Station vs Faculty - What's the difference?

station | faculty |

As nouns the difference between station and faculty

is that station is station while faculty is the scholarly staff at colleges or universities, as opposed to the students or support staff.




(en noun)
  • (label) The fact of standing still; motionlessness, stasis.
  • * 1646 , Sir (Thomas Browne), (Pseudodoxia Epidemica) , III.5:
  • (label) The apparent standing still of a superior planet just before it begins or ends its retrograde motion.
  • A stopping place.
  • # A regular stopping place for ground transportation.
  • # A ground transportation depot.
  • # A place where one stands or stays or is assigned to stand or stay.
  • #* 1886 , (Robert Louis Stevenson), (Strange Case Of Dr Jekyll And Mr Hyde)
  • "Meanwhile, lest anything should really be amiss, or any malefactor seek to escape by the back, you and the boy must go round the corner with a pair of good sticks and take your post at the laboratory door. We give you ten minutes, to get to your stations ."
  • #* {{quote-book, year=1922, author=(Michael Arlen), title= “Piracy”: A Romantic Chronicle of These Days, chapter=Ep./1/2
  • , passage=He walked. To the corner of Hamilton Place and Picadilly, and there stayed for a while, for it is a romantic station by night. The vague and careless rain looked like threads of gossamer silver passing across the light of the arc-lamps.}}
  • # (label) A gas station, service station.
  • #* 2012 October 31, David M. Halbfinger, "[]," New York Times (retrieved 31 October 2012):
  • Localities across New Jersey imposed curfews to prevent looting. In Monmouth, Ocean and other counties, people waited for hours for gasoline at the few stations that had electricity. Supermarket shelves were stripped bare.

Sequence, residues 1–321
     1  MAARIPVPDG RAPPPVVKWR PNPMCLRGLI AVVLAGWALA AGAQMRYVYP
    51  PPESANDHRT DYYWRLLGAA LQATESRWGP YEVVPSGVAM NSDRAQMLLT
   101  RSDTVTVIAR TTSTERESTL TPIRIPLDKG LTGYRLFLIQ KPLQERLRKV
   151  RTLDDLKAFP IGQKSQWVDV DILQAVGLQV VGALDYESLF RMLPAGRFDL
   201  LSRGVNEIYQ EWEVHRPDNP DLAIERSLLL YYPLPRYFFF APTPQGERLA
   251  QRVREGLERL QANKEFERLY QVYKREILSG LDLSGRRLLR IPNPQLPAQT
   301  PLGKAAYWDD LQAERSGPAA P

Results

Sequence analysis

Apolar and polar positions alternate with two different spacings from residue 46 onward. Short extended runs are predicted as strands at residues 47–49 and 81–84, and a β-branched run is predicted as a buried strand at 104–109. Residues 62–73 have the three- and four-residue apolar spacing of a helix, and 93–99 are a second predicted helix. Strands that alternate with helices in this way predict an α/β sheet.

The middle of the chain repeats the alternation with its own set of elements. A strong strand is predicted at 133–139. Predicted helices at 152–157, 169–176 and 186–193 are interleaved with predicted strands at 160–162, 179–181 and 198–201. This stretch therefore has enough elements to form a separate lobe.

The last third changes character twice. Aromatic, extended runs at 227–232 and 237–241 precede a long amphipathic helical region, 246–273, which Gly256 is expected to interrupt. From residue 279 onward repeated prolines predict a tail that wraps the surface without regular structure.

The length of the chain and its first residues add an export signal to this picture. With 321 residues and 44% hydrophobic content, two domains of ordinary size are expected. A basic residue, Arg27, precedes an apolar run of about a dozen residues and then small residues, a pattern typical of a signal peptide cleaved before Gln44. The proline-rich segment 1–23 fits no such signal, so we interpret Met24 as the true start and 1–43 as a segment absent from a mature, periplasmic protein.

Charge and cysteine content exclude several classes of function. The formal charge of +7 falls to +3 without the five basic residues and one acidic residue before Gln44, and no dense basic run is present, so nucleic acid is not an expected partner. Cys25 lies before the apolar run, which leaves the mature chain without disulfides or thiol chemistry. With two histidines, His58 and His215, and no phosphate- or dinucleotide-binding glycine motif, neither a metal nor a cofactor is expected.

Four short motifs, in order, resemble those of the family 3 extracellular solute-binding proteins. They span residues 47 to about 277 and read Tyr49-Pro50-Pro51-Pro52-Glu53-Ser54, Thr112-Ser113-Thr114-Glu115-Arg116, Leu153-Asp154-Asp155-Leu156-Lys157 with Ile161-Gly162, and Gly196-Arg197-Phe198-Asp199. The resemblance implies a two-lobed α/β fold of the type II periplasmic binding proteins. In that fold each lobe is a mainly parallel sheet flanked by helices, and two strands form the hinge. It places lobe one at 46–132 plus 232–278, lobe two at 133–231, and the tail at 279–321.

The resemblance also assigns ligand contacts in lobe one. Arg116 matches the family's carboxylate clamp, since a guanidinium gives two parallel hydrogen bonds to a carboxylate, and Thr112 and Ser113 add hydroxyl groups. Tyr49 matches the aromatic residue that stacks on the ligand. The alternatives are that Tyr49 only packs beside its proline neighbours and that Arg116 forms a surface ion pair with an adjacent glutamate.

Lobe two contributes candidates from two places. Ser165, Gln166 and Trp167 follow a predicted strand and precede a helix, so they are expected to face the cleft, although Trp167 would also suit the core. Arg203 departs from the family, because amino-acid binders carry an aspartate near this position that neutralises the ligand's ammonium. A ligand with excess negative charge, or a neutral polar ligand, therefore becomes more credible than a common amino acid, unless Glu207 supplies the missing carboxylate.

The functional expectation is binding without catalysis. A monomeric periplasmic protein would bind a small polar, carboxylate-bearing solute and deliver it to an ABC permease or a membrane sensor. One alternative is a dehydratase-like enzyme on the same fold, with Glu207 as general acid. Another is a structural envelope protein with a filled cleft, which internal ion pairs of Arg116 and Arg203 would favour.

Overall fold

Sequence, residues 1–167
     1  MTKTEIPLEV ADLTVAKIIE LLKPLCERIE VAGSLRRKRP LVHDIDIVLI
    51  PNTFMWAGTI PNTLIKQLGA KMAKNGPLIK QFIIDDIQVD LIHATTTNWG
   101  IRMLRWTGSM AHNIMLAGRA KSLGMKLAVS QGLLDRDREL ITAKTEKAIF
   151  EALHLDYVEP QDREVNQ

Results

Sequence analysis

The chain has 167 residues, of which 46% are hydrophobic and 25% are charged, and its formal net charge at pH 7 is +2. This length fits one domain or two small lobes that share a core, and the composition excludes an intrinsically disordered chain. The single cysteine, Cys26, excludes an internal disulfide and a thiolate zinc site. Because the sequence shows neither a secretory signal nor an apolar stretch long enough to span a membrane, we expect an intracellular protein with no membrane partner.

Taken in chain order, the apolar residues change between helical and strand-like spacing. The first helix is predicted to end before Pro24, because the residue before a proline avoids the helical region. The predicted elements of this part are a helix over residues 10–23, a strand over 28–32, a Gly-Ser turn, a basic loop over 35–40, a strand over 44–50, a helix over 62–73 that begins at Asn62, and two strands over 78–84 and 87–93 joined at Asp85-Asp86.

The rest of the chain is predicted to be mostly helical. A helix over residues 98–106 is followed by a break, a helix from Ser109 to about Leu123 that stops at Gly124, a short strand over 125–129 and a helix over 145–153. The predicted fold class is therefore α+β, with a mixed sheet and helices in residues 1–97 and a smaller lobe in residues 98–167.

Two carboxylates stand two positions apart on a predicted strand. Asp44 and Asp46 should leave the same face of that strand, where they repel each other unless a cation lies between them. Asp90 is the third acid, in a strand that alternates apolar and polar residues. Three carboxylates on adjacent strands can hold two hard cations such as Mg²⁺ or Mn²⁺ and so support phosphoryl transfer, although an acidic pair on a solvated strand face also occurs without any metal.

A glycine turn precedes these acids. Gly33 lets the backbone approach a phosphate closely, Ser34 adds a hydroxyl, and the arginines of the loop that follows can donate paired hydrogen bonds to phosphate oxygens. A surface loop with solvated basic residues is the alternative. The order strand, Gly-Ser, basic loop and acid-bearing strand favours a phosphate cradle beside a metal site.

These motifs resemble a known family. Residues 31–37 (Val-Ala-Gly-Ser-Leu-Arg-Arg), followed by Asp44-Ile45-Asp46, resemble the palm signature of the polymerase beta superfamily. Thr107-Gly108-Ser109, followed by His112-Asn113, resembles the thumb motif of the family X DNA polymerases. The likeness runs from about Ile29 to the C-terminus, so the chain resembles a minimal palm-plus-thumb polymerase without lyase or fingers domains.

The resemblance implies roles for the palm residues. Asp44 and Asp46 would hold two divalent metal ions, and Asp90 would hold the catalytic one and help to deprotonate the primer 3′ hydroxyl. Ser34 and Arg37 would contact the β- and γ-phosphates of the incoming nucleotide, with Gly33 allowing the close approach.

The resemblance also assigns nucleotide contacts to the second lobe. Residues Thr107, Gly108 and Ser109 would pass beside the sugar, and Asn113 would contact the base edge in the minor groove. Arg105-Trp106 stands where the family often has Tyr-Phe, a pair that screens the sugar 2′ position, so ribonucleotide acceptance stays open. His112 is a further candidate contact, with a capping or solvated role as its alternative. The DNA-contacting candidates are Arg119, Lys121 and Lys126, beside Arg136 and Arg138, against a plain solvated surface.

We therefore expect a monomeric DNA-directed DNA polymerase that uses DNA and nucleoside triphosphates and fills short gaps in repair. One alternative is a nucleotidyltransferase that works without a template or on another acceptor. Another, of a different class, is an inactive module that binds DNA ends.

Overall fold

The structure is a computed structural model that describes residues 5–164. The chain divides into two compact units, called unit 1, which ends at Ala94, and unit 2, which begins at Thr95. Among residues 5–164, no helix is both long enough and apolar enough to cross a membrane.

• A place where workers are stationed.
  • # An official building from which police or firefighters operate.
  • # A place where one performs a task or where one is on call to perform a task.
  • # A military base.
  • # A place used for broadcasting radio or television.
  • # A very large sheep or cattle farm.
  • #* 1890 , ,
  • There was movement at the station , for the word had passed around, / that the colt from old Regret had got away,
  • #* 1993 , Kay Walsh, Joy W. Hooton, Dowker, L. O.'', entry in ''Australian Autobiographical Narratives: 1850-1900 , page 69,
  • Tiring of sheep, he took work on cattle stations', mustering cattle on vast unfenced holdings, and looking for work ‘n-gg-r-bossing’, or supervising Aboriginal ' station hands.
  • #* 2003 , Margo Daly, Anne Dehne, Rough Guide to Australia , page 654,
  • The romance of the gritty station owner in a crumpled Akubra, his kids educated from the remote homestead by the School of the Air, while triple-trailer road trains drag tornadoes of dust across the plains, creates a stirring idea of the modern-day pioneer battling against the elemental Outback.
  • One of the Stations of the Cross.
  • The Roman Catholic fast of the fourth and sixth days of the week, Wednesday and Friday, in memory of the council which condemned Christ, and of his passion.
  • A church in which the procession of the clergy halts on stated days to say stated prayers.
  • Standing; rank; position.
  • * (John Milton) (1608-1674)
  • The greater part have kept, I see, / Their station .
  • * (William Shakespeare) (1564-1616)
  • they in France of the best rank and station